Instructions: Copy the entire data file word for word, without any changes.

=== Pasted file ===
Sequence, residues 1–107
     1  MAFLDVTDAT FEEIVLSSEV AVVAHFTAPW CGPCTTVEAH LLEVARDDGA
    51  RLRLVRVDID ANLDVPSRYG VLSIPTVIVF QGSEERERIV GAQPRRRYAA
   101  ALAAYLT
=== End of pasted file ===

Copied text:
Sequence, residues 1–107
     1  MAFLDVTDAT FEEIVLSSEV AVVAHFTAPW CGPCTTVEAH LLEVARDDGA
    51  RLRLVRVDID ANLDVPSRYG VLSIPTVIVF QGSEERERIV GAQPRRRYAA
   101  ALAAYLT